His body slumps over my shoulder, a soft comma with a bobbing head. Sometimes when he tosses about, I catch a glimpse of the stork bite at the back of his neck. Six little red patches, branding him an infant. A reminder and a warning: I’m an un-adult. Treat me with care.
He sucks his thumb with seriousness and focus, like an important man solving an important problem.
When he sleeps, his arms splay out, balancing his too-large head between. His legs rest in frog position. He looks like a caricature of a ballet dancer doing a grand plie. At night, I peer into his crib just before I turn in myself, waiting for my eyes to adjust to the darkness so that I can observe his silent form for a minute.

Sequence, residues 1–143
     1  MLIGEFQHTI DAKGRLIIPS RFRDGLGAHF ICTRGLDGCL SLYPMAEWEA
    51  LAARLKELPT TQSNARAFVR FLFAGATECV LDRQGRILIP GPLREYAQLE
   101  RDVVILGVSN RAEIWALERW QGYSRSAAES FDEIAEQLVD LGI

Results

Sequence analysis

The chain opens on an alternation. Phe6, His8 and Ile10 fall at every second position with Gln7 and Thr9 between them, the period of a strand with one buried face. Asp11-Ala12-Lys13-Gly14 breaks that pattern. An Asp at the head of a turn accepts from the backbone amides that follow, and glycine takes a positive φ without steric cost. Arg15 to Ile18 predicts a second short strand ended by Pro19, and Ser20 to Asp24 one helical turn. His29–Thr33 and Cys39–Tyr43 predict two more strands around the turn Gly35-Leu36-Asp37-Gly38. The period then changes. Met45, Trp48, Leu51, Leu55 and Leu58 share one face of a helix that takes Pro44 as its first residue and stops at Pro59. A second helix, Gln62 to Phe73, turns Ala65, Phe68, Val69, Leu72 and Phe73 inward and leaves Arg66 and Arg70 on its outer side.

His hands are like quilted satin pillows, soft and lined deeply without being wrinkled. His fingers are pointed lozenges, both clumsily fat and delicate at the same time. When he drinks, they flutter around with all the nuanced expression of a dancer, touching his face, grabbing his shirt, scratching his tummy. He emerged from birth like he was wearing large blue mitts, but now the rest of his body has caught up.
He sits like a fat uncle on the MRT train, chin sinking towards his potbelly.
When I place him on my stomach, he looks at me cautiously, until I make a silly noise. Then the outer corners of his eyes soften and droop downwards a split second before he smiles. I know now that cheeky grins are nature, not nurture.
He says “ooh” and “el-kuh” in his little baby voice, and I dread the day that he will plead with me and I will have to say no.